A campaign by Bath’s former mayor, Bryan Chalker, who has long worked to have Bath’s industrial heritage recognised, has raised the money needed for a plaque to honour a Bath woman who survived the sinking of the Titanic in 1912.
Edwina Troutt, known locally as Winnie, was just 28 years old when she sailed from Southampton on board the Titanic bound for New York. She was born in Bath, having lived at 40 Claverton Street and 13 Newark Street whilst a resident of the city.
Despite it being the ship’s maiden voyage, the Titanic struck an iceberg off the Newfoundland coast on 10th April 1912 and sank. It was reported that 1,522 of the passengers and crew aboard the ship died, but Edwina Troutt was one of the few rescued by the steamship Carpathia. She went on to live until the age of 100 in California, USA.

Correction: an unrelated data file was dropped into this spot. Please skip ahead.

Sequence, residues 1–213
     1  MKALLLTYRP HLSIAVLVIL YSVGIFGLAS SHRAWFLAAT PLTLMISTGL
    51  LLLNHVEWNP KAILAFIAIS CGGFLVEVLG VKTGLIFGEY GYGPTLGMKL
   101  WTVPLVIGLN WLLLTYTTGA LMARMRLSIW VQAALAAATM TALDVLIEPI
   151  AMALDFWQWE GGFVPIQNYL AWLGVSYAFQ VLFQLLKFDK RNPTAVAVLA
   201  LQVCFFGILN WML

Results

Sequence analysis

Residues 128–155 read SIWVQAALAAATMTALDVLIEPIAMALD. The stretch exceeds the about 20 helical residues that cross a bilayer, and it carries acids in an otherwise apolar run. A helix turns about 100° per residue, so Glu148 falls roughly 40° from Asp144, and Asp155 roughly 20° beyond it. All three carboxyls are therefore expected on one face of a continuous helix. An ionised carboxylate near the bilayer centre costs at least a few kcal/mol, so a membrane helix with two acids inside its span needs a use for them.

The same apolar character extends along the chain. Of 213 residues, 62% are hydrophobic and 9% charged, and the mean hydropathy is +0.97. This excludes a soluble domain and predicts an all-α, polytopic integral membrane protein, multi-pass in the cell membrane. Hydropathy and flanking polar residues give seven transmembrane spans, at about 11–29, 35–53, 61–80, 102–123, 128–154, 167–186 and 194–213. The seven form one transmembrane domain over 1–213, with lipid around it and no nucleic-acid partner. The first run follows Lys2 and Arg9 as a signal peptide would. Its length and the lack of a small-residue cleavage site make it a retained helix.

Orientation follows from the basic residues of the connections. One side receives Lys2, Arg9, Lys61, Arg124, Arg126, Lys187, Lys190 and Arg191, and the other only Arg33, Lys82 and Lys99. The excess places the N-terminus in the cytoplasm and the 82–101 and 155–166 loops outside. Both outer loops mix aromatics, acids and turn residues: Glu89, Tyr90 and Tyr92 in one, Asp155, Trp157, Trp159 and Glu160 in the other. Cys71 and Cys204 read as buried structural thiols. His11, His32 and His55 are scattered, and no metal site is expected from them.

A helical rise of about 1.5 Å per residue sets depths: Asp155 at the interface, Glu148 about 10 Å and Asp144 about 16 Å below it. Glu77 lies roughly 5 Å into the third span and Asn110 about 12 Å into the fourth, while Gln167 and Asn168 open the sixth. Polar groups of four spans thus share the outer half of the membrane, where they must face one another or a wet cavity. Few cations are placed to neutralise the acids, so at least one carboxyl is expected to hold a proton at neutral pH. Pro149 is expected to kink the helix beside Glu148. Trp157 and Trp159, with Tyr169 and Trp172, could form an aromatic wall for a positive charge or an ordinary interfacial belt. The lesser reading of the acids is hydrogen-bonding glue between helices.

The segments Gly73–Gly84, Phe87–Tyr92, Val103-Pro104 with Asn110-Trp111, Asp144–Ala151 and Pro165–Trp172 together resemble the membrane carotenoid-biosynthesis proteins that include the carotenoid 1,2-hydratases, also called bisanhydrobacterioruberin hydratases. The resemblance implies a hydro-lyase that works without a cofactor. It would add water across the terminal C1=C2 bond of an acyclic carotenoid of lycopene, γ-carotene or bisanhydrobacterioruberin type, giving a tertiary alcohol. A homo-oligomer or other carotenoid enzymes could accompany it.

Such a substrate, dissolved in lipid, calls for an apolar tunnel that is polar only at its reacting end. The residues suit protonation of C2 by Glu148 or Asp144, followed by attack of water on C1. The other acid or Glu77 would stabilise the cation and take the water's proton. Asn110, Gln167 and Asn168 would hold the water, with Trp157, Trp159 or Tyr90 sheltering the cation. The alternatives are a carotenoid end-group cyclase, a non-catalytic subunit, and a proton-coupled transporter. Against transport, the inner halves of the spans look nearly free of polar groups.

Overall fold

Edwina isn’t Bath’s only connection to the Titanic, another passenger, Edwin Wheeler, was also born in Bath, however, he did not survive the incident. Local engineering firm, Stothert and Pitt also have a connection, as they manufactured various parts for the ship, as well as other ocean liners including the Lusitania.
The campaign to acknowledge Bath’s connection to the Titanic through Edwina has been going on for a little while, with Bryan Chalker campaigning on his website and seeking out funds to raise the £600 that was needed for the plaque. The American Museum, along with members of the public generously contributed to the fund, which has now reached its total.
The plaque dedicated to Edwina will be pinned to a wall near Bath’s Apple Store, which now stands in the area that she once lived.